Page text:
Scientists develop real-life ‘What-If Machine’ to produce AI-created fiction

In yet another example of how Futurama’s year 3000 is coming faster than we might think, scientists have created a What-If Machine (WHIM), one of the first pieces of software to use artificial intelligence to write fiction.

Although not capable of the full visual renderings its fictional counterpart achieved in Futurama’s Anthology of Interest episodes, the machine can take ‘true’ facts from the web and twist them to create ‘what-if’ scenarios.

However, while the Futurama machine is used by members of the Planet Express crew to determine what would happen if they undertook certain personal actions or changes, the real-life version produces general ‘what-if’ scenarios and, in some cases, their likely results, with humans able to rate them for their narrative potential.

The intention is to expand these into full works of fiction, eventually using these for movie and video game storylines.

Image and featured image: screenshots from Futurama S2 E20: Anthology of Interest I.

Not quite at the level of the fictional What-If machine just yet. Image and featured image: screenshots from Futurama S2 E20: Anthology of Interest I.

“WHIM is an antidote to mainstream artificial intelligence which is obsessed with reality,” said Simon Colton, project coordinator and professor in computational creativity at Goldsmiths College, University of London. ‘

“We’re among the first to apply artificial intelligence to fiction.”

At present WHIM generates short ‘what-ifs’ under five fictional categories: Kafkaesque, alternative scenarios, utopian and dystopian, metaphors and Disney.

Some of the results are more bizarre than compelling, such as this gem from the alternative scenarios section:

“What if there was an old refrigerator who couldn’t find a house that was solid? But instead, she found a special style of statue that was so aqueous that the old refrigerator didn’t want the solid house anymore.”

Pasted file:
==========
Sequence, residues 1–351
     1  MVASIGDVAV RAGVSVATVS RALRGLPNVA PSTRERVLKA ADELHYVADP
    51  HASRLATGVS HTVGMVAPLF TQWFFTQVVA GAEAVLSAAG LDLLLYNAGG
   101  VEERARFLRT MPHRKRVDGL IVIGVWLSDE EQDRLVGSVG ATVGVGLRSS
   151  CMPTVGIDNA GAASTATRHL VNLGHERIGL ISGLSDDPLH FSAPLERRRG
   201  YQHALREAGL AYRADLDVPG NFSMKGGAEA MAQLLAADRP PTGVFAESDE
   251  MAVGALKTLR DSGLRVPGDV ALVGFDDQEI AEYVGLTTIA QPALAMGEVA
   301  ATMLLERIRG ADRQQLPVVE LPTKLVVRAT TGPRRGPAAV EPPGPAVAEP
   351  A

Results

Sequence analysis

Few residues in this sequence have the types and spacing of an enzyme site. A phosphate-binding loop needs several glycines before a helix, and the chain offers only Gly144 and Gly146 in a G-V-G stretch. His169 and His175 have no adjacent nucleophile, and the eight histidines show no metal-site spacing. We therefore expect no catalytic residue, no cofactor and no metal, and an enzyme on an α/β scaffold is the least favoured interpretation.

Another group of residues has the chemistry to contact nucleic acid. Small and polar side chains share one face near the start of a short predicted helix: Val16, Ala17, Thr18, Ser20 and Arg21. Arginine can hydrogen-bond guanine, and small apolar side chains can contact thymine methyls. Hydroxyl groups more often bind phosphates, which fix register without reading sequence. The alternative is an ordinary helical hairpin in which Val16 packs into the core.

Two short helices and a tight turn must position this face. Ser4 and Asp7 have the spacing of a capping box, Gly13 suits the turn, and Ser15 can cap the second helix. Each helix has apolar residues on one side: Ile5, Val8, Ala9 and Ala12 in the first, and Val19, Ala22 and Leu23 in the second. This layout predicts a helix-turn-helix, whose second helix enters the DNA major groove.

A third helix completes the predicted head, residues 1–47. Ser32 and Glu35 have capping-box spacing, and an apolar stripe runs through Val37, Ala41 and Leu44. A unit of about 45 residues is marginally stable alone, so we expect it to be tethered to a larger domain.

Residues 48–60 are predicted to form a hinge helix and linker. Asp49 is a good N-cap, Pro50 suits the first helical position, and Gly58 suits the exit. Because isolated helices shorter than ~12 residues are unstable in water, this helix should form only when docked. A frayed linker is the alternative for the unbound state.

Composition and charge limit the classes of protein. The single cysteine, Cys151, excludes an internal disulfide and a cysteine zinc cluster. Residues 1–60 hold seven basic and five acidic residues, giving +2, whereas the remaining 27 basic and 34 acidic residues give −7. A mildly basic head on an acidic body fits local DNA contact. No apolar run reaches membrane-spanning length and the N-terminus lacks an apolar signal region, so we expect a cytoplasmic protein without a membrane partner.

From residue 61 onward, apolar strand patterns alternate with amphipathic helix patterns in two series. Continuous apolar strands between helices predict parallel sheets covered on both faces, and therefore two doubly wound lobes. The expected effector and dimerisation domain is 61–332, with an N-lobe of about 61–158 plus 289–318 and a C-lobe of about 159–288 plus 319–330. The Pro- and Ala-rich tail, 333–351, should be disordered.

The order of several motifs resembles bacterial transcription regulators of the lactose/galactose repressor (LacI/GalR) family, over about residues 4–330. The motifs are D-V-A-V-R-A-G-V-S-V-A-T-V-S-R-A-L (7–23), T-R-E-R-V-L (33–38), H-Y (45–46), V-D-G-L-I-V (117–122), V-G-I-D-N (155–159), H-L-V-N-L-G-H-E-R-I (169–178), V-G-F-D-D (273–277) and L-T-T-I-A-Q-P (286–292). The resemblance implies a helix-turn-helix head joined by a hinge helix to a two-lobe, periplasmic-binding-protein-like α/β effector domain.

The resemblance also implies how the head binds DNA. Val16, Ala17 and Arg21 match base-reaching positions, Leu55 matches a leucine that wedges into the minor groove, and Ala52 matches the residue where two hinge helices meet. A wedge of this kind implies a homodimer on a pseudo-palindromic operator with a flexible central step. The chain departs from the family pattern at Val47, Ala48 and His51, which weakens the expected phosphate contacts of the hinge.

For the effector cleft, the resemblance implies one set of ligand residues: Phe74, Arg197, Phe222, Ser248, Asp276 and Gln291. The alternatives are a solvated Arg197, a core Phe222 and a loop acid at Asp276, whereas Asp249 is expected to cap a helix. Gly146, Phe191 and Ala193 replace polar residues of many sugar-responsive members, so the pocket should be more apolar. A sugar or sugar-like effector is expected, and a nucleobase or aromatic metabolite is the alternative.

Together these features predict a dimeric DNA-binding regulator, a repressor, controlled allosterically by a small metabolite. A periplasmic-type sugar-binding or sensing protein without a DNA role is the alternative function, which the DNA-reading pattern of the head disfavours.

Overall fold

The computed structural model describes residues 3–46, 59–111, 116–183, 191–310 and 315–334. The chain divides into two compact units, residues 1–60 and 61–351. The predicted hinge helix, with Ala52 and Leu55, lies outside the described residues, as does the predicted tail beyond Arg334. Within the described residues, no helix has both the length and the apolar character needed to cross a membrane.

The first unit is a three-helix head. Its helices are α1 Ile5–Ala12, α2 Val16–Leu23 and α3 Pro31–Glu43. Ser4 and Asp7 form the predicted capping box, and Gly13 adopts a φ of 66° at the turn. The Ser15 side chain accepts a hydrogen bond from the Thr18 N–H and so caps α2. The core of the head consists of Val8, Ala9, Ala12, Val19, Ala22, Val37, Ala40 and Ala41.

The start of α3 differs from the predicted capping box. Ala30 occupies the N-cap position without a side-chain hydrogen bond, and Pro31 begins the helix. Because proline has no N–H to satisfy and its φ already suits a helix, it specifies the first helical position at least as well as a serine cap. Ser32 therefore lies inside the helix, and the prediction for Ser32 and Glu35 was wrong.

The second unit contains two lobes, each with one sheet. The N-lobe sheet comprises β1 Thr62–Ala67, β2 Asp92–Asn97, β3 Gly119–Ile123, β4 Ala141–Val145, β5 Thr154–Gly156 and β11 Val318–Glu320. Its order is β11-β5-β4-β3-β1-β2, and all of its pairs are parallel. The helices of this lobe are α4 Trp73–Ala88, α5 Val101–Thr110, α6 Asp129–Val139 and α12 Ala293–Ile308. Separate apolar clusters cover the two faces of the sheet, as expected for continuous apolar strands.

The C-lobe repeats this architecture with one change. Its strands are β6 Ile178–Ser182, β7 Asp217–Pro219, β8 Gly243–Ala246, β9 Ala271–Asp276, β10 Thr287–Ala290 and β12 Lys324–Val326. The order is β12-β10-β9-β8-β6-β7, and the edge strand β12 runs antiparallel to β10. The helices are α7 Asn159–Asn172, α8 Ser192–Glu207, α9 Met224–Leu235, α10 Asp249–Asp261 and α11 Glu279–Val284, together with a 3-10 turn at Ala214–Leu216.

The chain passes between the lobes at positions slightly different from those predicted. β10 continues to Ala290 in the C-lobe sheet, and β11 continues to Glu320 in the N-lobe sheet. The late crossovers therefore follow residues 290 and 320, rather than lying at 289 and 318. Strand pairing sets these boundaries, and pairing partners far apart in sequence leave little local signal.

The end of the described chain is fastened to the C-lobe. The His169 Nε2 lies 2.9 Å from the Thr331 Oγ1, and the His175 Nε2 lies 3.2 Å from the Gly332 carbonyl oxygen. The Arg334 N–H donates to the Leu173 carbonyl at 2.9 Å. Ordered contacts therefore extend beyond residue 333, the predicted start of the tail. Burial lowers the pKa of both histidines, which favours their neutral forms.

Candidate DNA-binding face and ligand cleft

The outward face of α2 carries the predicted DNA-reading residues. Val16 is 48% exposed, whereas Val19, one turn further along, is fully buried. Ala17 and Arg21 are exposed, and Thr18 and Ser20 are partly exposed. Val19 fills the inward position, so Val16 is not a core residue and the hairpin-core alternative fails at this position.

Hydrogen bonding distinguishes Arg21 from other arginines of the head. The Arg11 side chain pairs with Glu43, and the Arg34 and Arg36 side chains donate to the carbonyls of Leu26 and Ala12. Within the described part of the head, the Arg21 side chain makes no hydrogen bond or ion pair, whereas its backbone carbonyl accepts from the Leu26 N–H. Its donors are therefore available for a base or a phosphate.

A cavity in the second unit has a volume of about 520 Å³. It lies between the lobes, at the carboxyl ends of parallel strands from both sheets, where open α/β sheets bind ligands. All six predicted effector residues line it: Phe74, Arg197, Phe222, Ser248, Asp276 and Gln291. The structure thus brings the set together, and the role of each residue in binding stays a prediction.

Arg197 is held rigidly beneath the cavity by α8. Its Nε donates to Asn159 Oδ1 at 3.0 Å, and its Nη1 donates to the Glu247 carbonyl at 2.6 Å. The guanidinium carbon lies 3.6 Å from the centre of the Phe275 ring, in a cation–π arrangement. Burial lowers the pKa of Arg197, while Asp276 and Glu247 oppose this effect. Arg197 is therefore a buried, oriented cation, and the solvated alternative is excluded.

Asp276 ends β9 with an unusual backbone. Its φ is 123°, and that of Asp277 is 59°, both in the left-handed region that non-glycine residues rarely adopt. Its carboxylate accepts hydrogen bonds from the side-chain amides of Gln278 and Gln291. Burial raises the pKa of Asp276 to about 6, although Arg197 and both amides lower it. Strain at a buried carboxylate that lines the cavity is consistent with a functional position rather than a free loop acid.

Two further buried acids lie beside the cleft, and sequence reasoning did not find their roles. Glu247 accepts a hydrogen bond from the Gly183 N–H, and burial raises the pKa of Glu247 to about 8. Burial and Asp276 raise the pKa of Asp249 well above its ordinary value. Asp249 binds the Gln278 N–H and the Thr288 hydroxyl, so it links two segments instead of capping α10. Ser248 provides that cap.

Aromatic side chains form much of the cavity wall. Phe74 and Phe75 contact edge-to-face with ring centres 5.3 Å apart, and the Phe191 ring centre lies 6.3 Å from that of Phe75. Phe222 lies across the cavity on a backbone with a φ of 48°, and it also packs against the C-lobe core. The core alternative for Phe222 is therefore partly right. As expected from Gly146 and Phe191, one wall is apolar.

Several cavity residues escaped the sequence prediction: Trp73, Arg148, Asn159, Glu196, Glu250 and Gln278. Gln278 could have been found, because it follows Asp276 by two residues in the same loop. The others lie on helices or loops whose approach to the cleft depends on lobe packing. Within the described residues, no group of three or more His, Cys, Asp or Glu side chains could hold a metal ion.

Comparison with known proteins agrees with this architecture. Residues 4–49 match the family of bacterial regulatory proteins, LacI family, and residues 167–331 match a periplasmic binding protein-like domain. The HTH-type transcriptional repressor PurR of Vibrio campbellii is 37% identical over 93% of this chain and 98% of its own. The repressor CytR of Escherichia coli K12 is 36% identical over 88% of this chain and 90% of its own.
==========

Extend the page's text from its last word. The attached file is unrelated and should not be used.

And there are also those that show that mining historical data from the web doesn’t always result in fictional premises with mass appeal, such as this snoozefest from the utopian and dystopian section:

“What if the world suddenly had lots more queens? Then there would be more serfs, since queens establish the monarchies that contain serfs.”

However, there are some with the potential to become genuinely good works of fiction.

“What if revered artists were to be abandoned by their muses, develop rivalries and become hated rivals?” from the metaphors section could be the basis for quite a good comedy movie, and “What if there was a little atom who lost his neutral charge?” from the Disney section sounds rather like the premise of a Pixar film.

The real-life What-If machine, which can be accessed here.

The real-life What-If machine, which can be accessed here.

Over time, the WHIM is expected to develop the ability to not only write premises, but judge how good they are.

This will be achieved using a machine-learning system, which will learn about what makes good fiction and what doesn’t from the ratings people give different ideas.

The result should be that WHIM will gain the ability to judge if something has potential for mass consumption, flying in the face of the convention that creativity cannot be achieved with a scientific approach.

“One may argue that fiction is subjective, but there are patterns,” said Colton.

“If 99% of people think a comedian is funny, then we could say that comedian is funny, at least in the perception of most people.”

The European Union-funded project is very much in its infancy, but there are research teams around Europe working to make it a genuine creator of fiction for use in movies and video games.

At the University of Cambridge, UK, researchers are working to improve the web-mining system so the WHIM comes up with better ideas, while over at the University College in Dublin, Ireland, researchers are working to produce better irony and metaphorical insights.

Perhaps most importantly, at the Universidad Complutense Madrid, in Spain, researchers are working to expand the short premises into full narratives, which could be used for film plots and other forms of fiction.

WHIM’s creators even believe it could be used by scientists explore potential scenarios by asking ‘what-if’ questions, perhaps even making it a realistic AI ringer for Professor Farnsworth’s solid gold creation.

Researchers discover remains of “Triassic Jaws” who dominated the seas after Earth’s most severe mass extinction event

Researchers have discovered the fossil remains of an unknown large predatory fish called Birgeria: an approximately 1.8-meter-long primitive bony fish with long jaws and sharp teeth that swallowed its prey whole.